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February 19, 2024

Virtual Terminal Credit Card Processing: A Merchant Guide

Sarah A. Lybrand

Written by:

Sarah A. Lybrand

Virtual Terminal Credit Card Processing: A Merchant Guide

What Is a Virtual Terminal?

In the context of payment processing, a virtual terminal is a web-based application that allows merchants to process credit card transactions online without any specialized computer hardware like a card reader. It's often used for card-not-present transactions, where a merchant doesn't physically swipe or insert a card but enters a customer's credit card information manually. 

For merchants, a virtual terminal is a way to charge a customer's credit or debit card when a customer is not physically present at the point of sale, with only an internet connection and web browser. Virtual terminals are commonly used for transactions such as mail and telephone orders (MOTO), general online retail and eCommerce, mobile pop-ops shops, and all sorts of businesses needing a convenient and flexible way to accept customer payments. Read on to learn more about virtual terminals and how to go about choosing one for your business.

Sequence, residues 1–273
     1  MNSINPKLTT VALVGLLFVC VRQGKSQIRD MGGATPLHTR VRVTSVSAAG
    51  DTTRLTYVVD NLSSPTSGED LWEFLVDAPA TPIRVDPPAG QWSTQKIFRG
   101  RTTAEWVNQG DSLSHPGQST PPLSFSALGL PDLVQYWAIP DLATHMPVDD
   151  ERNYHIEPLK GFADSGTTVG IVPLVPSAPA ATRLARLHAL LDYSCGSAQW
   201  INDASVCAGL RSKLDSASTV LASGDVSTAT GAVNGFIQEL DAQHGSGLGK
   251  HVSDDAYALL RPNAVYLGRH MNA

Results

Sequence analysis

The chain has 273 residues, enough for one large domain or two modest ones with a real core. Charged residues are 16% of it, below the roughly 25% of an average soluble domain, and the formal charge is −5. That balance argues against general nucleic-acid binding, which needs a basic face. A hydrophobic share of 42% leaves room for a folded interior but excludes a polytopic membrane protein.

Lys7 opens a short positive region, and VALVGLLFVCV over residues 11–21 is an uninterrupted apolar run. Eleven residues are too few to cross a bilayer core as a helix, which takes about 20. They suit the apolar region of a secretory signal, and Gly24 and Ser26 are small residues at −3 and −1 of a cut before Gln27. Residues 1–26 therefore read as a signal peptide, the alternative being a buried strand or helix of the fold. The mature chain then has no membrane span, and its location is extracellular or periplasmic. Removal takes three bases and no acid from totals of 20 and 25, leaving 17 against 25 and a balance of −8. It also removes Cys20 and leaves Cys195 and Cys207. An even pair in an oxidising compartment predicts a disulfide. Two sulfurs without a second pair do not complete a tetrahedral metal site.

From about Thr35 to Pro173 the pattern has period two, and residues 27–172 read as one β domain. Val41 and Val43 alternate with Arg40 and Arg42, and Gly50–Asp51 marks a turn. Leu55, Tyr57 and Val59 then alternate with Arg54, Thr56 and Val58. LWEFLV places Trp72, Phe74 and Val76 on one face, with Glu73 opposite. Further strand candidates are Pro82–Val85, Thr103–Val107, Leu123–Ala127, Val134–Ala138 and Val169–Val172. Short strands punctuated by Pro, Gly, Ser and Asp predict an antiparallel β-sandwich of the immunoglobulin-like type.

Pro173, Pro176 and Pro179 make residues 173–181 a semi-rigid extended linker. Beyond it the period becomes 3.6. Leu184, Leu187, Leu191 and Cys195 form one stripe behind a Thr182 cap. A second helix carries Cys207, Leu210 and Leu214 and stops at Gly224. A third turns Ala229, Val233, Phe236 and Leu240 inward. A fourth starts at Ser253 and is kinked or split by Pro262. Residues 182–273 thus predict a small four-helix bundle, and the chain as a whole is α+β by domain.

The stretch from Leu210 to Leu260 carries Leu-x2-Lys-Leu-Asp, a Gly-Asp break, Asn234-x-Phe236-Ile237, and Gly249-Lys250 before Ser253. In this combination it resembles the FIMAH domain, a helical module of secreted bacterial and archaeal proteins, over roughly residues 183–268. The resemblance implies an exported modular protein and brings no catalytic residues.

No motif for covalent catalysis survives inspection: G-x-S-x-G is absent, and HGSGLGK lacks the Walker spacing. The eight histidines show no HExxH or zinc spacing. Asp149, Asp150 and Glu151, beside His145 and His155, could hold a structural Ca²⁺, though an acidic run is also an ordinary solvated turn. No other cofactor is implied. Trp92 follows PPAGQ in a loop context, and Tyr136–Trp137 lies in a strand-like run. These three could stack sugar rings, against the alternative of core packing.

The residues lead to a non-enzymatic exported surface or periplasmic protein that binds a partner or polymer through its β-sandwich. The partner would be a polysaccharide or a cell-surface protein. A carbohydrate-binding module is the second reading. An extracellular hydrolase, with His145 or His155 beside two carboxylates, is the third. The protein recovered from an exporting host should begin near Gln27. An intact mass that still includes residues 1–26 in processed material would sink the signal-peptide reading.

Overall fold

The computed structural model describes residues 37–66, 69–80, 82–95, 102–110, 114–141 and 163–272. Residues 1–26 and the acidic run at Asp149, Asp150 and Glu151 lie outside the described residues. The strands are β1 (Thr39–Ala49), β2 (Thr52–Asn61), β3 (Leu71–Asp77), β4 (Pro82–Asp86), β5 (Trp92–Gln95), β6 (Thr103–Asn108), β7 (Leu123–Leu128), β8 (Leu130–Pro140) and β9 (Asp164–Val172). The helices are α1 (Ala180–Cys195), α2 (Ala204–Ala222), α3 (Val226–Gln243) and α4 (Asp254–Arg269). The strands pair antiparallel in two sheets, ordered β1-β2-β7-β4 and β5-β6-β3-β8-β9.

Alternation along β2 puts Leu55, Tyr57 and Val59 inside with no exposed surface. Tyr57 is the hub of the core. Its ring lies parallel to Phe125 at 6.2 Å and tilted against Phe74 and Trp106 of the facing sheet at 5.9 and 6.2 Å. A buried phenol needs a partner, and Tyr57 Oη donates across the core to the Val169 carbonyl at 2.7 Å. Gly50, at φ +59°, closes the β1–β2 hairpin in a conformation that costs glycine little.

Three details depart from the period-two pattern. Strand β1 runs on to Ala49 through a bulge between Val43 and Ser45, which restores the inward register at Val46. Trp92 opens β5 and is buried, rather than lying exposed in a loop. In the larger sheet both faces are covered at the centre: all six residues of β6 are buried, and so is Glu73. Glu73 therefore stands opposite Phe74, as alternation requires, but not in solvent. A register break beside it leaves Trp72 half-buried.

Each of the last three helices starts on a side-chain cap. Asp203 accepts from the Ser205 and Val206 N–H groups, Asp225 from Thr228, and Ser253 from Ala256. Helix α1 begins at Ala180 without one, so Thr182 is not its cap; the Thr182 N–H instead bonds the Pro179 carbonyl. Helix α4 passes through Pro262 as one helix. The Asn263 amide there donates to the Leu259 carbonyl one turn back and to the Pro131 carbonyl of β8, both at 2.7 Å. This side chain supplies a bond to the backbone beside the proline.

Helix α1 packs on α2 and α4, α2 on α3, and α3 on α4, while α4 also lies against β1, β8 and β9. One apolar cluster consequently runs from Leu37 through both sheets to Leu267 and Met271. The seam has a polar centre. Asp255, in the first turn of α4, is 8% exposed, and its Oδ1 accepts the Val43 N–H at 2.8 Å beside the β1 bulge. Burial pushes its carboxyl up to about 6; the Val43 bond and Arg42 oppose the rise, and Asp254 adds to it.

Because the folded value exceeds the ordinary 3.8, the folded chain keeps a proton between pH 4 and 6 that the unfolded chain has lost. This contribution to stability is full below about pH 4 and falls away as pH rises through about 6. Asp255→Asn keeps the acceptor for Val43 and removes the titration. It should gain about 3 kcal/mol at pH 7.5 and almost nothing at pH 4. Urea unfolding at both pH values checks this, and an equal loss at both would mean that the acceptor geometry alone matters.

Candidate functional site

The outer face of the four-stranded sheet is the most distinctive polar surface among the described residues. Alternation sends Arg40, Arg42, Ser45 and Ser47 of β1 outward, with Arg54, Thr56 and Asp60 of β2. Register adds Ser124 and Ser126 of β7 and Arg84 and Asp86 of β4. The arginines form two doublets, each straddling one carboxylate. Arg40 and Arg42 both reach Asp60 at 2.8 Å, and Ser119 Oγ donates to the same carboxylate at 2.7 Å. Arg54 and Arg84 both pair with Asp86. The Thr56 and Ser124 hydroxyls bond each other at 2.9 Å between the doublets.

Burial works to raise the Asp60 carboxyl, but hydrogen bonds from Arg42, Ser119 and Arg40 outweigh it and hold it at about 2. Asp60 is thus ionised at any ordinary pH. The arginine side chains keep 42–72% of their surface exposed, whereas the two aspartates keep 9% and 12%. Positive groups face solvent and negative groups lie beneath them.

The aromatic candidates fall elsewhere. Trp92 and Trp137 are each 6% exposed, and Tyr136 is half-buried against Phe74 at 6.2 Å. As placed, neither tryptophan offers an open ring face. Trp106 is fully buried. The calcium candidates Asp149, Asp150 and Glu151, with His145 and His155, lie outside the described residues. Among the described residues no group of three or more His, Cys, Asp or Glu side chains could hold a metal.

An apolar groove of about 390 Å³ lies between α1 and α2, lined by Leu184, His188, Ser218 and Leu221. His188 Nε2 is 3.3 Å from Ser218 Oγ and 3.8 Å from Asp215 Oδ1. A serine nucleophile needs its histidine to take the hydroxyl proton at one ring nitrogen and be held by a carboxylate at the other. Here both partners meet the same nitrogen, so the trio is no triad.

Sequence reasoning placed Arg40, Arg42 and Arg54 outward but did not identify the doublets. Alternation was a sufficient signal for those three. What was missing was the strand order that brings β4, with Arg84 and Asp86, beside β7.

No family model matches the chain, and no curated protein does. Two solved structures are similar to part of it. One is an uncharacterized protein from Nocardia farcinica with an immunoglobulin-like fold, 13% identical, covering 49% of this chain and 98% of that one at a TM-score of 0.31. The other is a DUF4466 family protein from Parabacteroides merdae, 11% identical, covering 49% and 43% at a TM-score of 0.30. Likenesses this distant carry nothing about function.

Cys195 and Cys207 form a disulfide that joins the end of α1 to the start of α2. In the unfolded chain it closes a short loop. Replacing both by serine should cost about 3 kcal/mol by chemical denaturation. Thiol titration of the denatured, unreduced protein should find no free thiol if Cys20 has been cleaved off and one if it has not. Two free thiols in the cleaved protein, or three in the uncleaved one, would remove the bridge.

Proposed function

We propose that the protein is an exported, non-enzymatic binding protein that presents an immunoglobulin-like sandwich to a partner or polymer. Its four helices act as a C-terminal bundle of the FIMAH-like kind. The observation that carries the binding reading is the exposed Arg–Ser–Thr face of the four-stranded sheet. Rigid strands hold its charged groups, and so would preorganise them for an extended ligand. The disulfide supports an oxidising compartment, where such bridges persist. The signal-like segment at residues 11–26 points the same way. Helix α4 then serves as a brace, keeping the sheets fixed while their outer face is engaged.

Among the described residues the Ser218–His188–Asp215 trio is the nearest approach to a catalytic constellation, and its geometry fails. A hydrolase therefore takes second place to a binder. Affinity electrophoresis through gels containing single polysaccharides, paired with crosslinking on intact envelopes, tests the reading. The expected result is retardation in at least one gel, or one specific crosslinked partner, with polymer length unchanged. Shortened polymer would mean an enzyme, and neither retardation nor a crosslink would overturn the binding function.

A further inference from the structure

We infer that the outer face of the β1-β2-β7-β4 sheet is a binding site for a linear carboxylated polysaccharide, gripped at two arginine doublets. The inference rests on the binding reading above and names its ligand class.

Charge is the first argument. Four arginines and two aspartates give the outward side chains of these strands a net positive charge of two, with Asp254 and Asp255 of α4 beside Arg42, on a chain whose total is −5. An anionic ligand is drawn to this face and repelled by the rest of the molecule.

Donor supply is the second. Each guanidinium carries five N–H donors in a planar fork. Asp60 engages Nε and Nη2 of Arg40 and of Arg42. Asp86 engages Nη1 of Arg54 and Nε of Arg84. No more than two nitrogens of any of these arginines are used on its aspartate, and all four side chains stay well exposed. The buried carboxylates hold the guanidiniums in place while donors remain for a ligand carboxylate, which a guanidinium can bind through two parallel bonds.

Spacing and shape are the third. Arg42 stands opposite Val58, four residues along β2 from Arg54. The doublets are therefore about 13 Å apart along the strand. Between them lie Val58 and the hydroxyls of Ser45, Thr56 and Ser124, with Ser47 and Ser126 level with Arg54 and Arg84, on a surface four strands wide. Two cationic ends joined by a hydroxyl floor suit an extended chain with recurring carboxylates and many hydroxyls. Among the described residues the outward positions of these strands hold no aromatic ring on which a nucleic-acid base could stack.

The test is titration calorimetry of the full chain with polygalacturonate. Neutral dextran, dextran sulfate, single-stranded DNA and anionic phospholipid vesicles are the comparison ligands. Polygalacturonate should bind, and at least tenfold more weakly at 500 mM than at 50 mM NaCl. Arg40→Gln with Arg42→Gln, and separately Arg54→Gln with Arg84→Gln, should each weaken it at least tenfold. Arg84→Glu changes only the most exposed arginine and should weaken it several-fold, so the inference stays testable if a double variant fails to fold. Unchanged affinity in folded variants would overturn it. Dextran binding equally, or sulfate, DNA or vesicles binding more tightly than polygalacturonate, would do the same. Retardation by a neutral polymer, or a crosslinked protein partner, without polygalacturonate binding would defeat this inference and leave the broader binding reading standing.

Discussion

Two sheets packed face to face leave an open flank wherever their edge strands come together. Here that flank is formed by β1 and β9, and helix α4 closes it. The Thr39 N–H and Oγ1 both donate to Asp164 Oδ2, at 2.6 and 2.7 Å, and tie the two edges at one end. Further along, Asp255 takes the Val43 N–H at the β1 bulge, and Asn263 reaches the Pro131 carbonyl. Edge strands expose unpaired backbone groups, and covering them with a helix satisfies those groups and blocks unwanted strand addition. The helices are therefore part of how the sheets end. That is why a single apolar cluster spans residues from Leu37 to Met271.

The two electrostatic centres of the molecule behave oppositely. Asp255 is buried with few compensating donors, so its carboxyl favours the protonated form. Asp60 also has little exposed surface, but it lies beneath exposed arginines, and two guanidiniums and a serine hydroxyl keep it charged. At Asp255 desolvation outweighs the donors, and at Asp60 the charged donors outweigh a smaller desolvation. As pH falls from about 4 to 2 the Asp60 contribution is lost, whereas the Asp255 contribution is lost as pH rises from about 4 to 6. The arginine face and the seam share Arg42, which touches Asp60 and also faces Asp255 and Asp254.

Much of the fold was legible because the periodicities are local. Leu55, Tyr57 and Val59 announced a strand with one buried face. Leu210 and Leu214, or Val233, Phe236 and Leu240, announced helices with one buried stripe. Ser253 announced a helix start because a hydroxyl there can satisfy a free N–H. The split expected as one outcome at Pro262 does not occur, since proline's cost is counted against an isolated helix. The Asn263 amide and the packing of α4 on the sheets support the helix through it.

How Do Virtual Terminals Work?

Merchants enter a customer's card information, including the card number, card expiration date, and card verification value (CVV), into their virtual terminal's interface. The virtual terminal then securely transmits the information to the payment processor, validating the transaction with the credit card issuer. When the transaction is approved, the funds are transferred from the customer's account to the merchant's. Virtual terminals also include features for record-keeping, reporting, viewing transaction history, and managing all payment processing activities. 

It's important to ensure the proper and secure handling of customer credit card information. Using a trusted payment processor or merchant service provider can help enable the proper protocols to keep sensitive customer data secure.

Virtual Terminals vs Payment Gateways

Virtual terminals and payment gateways are often used in conjunction but serve two different purposes within the larger electronic payment processing system. A virtual terminal is an interface that enables certain kinds of transactions, such as card-not-present transactions, through a specific kind of browser window. 

Enabling much of all eCommerce, a payment gateway, on the other hand, is integrated directly into the checkout process of your online store, working in the background to securely transmit a customer's payment information in an online transaction. 

You'll find that both payment gateways and virtual terminals are offered through your payment or merchant service provider as part of a suite of payment processing solutions like merchant accounts, business banking, bookkeeping, and accounting software, as well as countless integrations to make them all work together seamlessly. 

Who Uses Virtual Terminals?